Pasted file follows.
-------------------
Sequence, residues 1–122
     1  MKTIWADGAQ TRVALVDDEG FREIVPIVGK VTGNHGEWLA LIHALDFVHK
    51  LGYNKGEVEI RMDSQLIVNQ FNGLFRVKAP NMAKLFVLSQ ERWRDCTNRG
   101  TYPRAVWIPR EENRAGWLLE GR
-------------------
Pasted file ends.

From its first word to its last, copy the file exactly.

Sequence, residues 1–122
     1  MKTIWADGAQ TRVALVDDEG FREIVPIVGK VTGNHGEWLA LIHALDFVHK
    51  LGYNKGEVEI RMDSQLIVNQ FNGLFRVKAP NMAKLFVLSQ ERWRDCTNRG
   101  TYPRAVWIPR EENRAGWLLE GR